Like the Nikon FA, the Olympus OM-4 when it was released was a game changer for Olympus. The OM-4 saw a radical shift in how the camera metered. Where Nikon used a ‘matrix’ meter, the OM-4 used a multi-spot system to determine the shutter speed. And yet it maintained a classic OM look and feel, with almost everything unchanged in the layout from the earlier OM-1 and OM-2 cameras. Certainly a worthwhile addition to any photographer who is a fan of the classic OM cameras. Thanks to Bill Smith for loaning this beauty out for review.
Type: Single Lens Reflex
Format: 135 (35mm), 36x24mm
Lens: Interchangeable, Olympus OM-Mount
Year of Manufacture: 1983-1987
When it came to the OM system, honestly Olympus got it right! The camera itself despite being a decade later than the original OM-1 still feels like an OM-1 for the most part all the exposure controls are right where they’re supposed to be. You have the shutter speed dial right at the lens mount and the aperture controls right at the edge of the lens, perfect for even me, who has limited use of the OM-System, but now is familiar enough to make that part easy. The size and weight are a little different but nothing over the top. One thing that I like about the camera system is the metering, by default the camera uses the multi-spot metering but you can also set the camera back to just a simple spot meter with a singular button. The trouble is that you are stuck until you advance to the next frame. The camera also has a great system for exposure compensation, especially when dealing with strong shadows or backlight with a pair of buttons. The meter itself is dead on the money; it produces images similar to the matrix system in the Nikon FA. And I do have to say the LCD display inside the viewfinder is pretty awesome with the status bar rolling up to shutter speeds to show you what camera speed you’re shooting. Plus the camera has the use of all Olympus Zuiko lenses which are amazing optically.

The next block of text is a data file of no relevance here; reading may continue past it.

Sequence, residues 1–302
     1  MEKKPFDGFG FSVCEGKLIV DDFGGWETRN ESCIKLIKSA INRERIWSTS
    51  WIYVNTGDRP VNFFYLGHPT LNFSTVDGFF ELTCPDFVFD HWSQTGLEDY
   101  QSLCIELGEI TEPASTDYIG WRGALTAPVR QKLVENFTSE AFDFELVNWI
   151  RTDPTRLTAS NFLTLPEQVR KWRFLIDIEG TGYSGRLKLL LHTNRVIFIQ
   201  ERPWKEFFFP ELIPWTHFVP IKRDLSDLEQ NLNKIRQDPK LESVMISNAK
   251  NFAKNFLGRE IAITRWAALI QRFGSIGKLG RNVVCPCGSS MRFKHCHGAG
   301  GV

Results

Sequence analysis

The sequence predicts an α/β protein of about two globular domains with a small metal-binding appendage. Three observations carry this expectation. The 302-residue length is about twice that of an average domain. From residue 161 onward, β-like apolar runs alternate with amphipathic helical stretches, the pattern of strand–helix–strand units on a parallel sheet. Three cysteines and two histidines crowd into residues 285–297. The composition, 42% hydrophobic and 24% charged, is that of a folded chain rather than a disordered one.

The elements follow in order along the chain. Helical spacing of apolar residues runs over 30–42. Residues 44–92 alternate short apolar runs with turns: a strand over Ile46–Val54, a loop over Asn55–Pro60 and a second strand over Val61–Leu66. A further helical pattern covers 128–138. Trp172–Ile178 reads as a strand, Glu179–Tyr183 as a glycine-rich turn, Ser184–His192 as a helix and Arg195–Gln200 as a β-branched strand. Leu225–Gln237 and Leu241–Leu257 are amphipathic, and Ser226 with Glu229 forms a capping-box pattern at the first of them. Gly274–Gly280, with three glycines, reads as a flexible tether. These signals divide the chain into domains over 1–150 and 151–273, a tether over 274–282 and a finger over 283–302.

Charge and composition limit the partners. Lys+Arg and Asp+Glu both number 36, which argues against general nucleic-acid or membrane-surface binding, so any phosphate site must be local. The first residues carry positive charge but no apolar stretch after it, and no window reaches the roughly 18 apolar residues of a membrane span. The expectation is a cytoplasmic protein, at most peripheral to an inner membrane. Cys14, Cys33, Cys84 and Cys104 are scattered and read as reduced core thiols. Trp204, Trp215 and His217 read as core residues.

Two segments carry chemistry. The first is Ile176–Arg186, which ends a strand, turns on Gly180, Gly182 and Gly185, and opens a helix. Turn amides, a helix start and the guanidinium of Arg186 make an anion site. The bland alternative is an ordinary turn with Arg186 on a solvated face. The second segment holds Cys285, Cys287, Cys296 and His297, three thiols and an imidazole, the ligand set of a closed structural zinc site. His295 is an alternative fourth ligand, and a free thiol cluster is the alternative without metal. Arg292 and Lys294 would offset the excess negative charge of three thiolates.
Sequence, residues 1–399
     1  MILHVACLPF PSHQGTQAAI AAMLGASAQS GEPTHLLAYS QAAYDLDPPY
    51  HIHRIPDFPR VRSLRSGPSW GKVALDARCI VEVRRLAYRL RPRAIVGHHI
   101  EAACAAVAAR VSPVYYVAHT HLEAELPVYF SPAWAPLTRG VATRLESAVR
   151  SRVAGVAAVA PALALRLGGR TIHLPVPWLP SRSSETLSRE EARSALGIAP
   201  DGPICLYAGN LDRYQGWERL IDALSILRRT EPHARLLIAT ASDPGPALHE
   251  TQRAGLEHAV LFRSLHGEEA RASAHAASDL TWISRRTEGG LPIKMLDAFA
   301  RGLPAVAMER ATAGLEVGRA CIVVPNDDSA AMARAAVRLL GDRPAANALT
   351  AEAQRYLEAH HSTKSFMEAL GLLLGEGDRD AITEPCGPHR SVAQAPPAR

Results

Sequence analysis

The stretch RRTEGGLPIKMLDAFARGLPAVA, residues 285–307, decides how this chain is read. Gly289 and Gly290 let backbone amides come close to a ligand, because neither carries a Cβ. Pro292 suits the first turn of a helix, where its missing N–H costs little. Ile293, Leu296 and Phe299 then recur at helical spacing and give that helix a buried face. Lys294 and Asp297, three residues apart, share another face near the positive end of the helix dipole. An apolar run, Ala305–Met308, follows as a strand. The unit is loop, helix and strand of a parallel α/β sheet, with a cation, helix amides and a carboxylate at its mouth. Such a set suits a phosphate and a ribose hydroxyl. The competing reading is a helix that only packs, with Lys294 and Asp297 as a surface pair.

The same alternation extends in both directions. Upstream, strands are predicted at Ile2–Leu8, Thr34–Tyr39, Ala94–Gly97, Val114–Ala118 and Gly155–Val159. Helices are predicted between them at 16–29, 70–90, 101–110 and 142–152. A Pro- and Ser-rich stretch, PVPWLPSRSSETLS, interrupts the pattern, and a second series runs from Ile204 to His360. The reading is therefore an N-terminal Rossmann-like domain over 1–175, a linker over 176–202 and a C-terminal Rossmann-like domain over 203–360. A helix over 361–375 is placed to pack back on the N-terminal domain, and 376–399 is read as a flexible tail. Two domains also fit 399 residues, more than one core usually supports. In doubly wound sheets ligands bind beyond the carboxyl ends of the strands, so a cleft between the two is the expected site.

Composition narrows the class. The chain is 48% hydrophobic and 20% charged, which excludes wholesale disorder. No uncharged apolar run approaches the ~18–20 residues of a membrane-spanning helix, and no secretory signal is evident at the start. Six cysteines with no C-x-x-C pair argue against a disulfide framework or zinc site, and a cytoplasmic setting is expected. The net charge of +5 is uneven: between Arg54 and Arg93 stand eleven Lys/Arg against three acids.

The primary issue with the early OM-4 is the battery drain issue. The issue itself has some controversy surrounding the drain issue itself with many calling it an urban legend. The matter is that the electronics of the early model OM-4 cameras had no meter auto-off so unless you remember to either remove the batteries after us or set the camera to the mechanical override (which has mixed results) you can expect that your camera will drain the batteries in quick order. The issue was fixed in later models of the OM-4, namely the OM-4 T and OM-4 Ti. The other issue I have the OM-4 is the lack of feedback on which aperture you’re at, and for an aperture priority camera seems a bit lacking. The final issue I have, and it could just because I haven’t used the camera much, is the readout in the viewfinder in manual mode, I found it hard to figure out which shutter speed is the one the camera is metering.
There is nothing wrong with the camera, despite the drain issue, the batteries are fairly inexpensive as it just uses a pair of silver cells. Plus if you know your camera has the drain, you carry around spares and remember to take the batteries out when the camera isn’t in use. The camera itself is a bit of a game changer, but sadly the multi-spot system would be overshadowed by the Nikon Matrix metering system. If you’re looking for a camera that can complement your OM system, the OM-4 is certainly a worthwhile investment and can be had for a fair price on eBay. If you want to spare yourself the electronics, you can get the mechanical cousin the OM-3 or stick to the OM-1.
With this review we now enter the FINAL FIVE, and if you’re a fan of the reimaged Battlestar Galactica, then you’ll get that reference! So after review number 100, a number I never planned to or thought I’d reach, the camera reviews will be taking a break over the course of the first part of 2019 to make way for other content, but I have some exciting cameras lined up for the final five!
All Photos Taken at Sheridan College, Oakville, Ontario, Canada
Olympus OM-4 – Olympus Zuiko MC Auto 1:1,8 f=50mm – FPP EDU 100 @ ASA-100
Kodak HC-110 Dil. H 7:30 @ 20C